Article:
Zachary T. Brown
Marketing Director
StormsEdge Technology

Make Them Sticky

Change is tough. That's why most people resist it – no matter the cost. So, how do you get people to change their way of thinking and switch from a competitor's product to yours?

1. Start small, and communicate clearly

When you're encouraging a customer to switch brands—whether it's his laundry detergent or SUV—you're asking for the same thing: change. And according to human nature, the best change is closest to no change at all.

2. Change one thing at a time

The next step is to focus on changing one behavior at a time—to make it seem as if you are "shrinking the change." For a change to be implemented successfully, a business must change the situation, while being cautious of how quickly the change is taking place. Remember that old saying, the slow and steady win the race?

3. Connect with consumers

Instead of focusing on industry competition, start by focusing your attention on the customers experience and needs. Putting your consumers' needs, desires and feelings first works. If you tug at your customers' emotions, their minds will soon follow. Connect to them on a level that resonates with them whether through pictures, testimonies, or even personal slogans.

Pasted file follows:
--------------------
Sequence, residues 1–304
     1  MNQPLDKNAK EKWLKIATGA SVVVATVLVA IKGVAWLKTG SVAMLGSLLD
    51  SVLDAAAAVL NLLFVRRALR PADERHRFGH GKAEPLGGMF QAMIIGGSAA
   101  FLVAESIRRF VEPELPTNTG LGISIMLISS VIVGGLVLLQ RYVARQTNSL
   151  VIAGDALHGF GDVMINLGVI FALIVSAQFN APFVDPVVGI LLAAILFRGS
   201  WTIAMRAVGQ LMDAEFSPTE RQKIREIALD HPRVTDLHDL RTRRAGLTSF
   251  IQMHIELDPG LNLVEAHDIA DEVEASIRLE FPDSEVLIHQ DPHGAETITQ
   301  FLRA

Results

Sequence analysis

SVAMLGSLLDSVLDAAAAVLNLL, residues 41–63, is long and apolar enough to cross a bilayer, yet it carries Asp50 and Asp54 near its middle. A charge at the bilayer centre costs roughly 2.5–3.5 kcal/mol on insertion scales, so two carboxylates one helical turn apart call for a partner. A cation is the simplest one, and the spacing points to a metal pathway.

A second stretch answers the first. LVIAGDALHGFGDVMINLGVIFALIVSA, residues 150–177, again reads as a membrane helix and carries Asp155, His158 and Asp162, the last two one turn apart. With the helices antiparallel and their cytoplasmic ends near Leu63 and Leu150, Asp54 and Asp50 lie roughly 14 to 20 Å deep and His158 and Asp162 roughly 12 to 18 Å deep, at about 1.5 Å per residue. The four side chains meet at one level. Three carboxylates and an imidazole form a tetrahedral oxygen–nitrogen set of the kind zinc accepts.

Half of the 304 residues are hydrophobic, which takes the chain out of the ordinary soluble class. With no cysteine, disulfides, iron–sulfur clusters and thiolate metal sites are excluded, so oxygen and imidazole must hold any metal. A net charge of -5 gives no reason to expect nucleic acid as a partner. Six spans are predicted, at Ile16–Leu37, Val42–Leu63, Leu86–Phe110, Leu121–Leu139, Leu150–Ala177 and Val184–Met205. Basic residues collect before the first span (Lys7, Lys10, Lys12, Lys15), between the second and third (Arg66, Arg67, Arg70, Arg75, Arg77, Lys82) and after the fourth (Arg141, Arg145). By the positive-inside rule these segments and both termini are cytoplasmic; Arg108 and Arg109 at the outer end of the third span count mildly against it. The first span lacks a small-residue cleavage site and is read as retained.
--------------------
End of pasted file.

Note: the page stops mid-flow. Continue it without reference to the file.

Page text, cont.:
Creating change isn't easy. But with letting some basic principles guide your efforts, creating campaigns that stick with your customers is inevitable—and simpler than ever. For a more in-depth read, click HERE!

Zachary T. Brown
Marketing Director
StormsEdge Technology

SEO: The Essential Tool

Today, many companies are making a renewed commitment to investing into developing solid, SEO optimization that is search-engine friendly and will improve their rankings over time.

Here’s a list of seven specific reasons why your business should definitely consider investing in your organic SEO:

  1. It still works – First and foremost, the techniques employed to improve SEO still work. Even though data and tactics regarding organic traffic from Google changes fairly recently, the techniques themselves still remain sound